How To Build Effective Product Documentation for Your Internal Knowledge Base (9 Steps)

Josh Spilker
June 14, 2024
How To Build Effective Product Documentation for Your Internal Knowledge Base (9 Steps)

Imagine a spot where internal stakeholders can find all the important information about a product. 

This happens in an internal knowledge base and product documentation makes up an essential part of it. 

This includes step-by-step instructions, SOPs, troubleshooting tips, FAQs, use cases, API documentation, user manuals, product strategy, system architecture, and installation guides. 

It serves as a vital resource for developers, customer support teams, and other internal users.

So, you do a disservice to your team and business if you don’t have quality product documentation.

Without it, product teams will struggle to get the maximum value from your product, resulting in inefficiencies and a poor working experience. 

This, in turn, puts a huge strain on your team, as they will have to answer the same questions repeatedly and deal with a ridiculous amount of support tickets from other departments.

It is a stressful process for everyone involved, which is why you must create effective product documentation. 

Fortunately, we’ve got some ideas.

Read on to learn how to design one that not only informs and engages your team but also helps you operate more efficiently.

9 Product Documentation Best Practices

Creating product documentation isn’t everyone’s favorite task. It is time-consuming and requires a lot of back-and-forth from several stakeholders to complete. 

Despite this, it is a critical component of the overall internal experience and essential for effective product management.

So, here are nine practical tips for creating great product documentation.

1. Understand who the product docs are for

It isn’t just about creating product documentation. 

The goal is to build one that actually helps your team. So, start by knowing who will use your document, their technical proficiency, when they will use it, with what device, and how they prefer to consume the content.

One way to collect this data is to conduct a survey. 

You can send one to each team member after a new hire or a product update and analyze their responses. 

Another effective approach is to speak to your support team. These are your frontline staff who spend a lot of time interacting with the product and team members, so they are well-informed about their needs.

Additionally, implementing a data sharing protocol among your teams can further refine your understanding of user needs and expectations. By pooling insights gathered from various sources—such as customer interactions, product usage analytics, and feedback forms—you can ensure that your product documentation is consistently aligned with your audience’s evolving requirements.

Once you understand your audience’s needs, you can create documentation that provides valuable solutions. 

Suppose your product is ESG reporting software for businesses that need to comply with environmental, social, and governance (ESG) standards. 

In that case, your documentation should cover topics such as how to generate ESG reports, interpret key performance indicators related to sustainability, and integrate the software with existing systems seamlessly.

2. Define the scope of the product docs

The next step is to decide the type of document you wish to create. 

Clarity on the document type helps you decide the type of content that should be included.

Usually this is done hand-in-hand with a knowledge manager and product manager. 

Let’s say you’re creating a user guide for a product that helps companies meet their CSRD requirements (corporate social responsibility directive).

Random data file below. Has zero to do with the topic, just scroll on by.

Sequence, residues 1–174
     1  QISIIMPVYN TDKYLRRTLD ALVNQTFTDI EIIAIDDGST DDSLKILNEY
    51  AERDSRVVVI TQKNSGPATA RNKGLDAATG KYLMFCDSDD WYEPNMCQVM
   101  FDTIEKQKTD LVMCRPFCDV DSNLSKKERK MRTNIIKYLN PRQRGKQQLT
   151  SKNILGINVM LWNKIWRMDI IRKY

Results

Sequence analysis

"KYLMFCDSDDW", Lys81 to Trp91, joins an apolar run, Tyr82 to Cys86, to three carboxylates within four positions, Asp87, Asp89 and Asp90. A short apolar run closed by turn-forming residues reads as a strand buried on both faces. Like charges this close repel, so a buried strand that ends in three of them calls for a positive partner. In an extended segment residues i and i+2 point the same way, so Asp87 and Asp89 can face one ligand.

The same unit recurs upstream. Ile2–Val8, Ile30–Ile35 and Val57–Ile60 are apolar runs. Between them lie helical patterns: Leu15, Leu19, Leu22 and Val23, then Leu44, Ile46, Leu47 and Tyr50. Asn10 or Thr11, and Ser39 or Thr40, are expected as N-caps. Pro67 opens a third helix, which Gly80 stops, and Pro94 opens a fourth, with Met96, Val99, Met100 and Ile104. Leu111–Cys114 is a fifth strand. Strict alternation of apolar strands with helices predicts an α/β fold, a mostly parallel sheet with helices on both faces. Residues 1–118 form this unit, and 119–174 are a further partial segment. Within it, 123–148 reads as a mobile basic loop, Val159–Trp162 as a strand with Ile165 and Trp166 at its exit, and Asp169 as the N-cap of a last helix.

The content of that document will include instructions on navigating the product interface, a step-by-step walkthrough to use the program to track CSRD metrics and examples of successful implementation. 

On the contrary, a troubleshooting document will include common issues users encounter and their solutions, and a guide on how to contact support for further assistance. 

Screenshot sourced from Loom

For instance, the first section of Loom’s troubleshooting document divides Common Issues, Microphone, Camera, Audio, Video Processing, and Account and Workspace Issues into categories. 

Defining the document type early on is essential so the content flows smoothly and meets the audience’s needs. 

3. Create a document structure

To help team members find what they are looking for quickly, you need to organize your content. This is referred to as information architecture, a practice of deciding how to arrange the parts of something to make it understandable.

It is important in product documentation for two reasons: 1) it gives new team members a comprehensive education about your product; 2) it allows team members to quickly find answers to their questions.

After deciding on the topic you want to cover, create broad categories and their subcategories. Next, organize the information logically in a hierarchical structure. 

You may consider introducing an introductory or glossary section that explains key concepts or terminologies related to your product.

4. Choose where to host your product docs

The first option is to use an established knowledge management system like Tettra or Confluence. These platforms usually have a set format and navigation – you just have to upload your content. They can also be integrated with a project management platform like Trello, Hive, or Jira, streamlining your workflow and improving collaboration. 

Ensure that the management of online credentials such as user IDs and passwords, for these platforms is secure and straightforward, enabling easy access while protecting sensitive information.

However, before selecting a product documentation tool, consider your budget, the team’s needs, and the learning curve.

You don’t want to invest in a solution that doesn’t meet your requirements or is too complex for your team. So, it is best to start a free trial before you commit. 

5. Communicate clearly

Like with most technical documents, clear communication in your product documentation is super important. Team members need to be able to comprehend the content easily; otherwise, the document may not serve its purpose.

This starts with using plain language. Always use simple terms in place of complex ones wherever possible. For example, if you are explaining how your fitness tracker uses the data it collects from users to fulfill the CCPA compliance (California Consumer Privacy Act), use easy-to-understand language.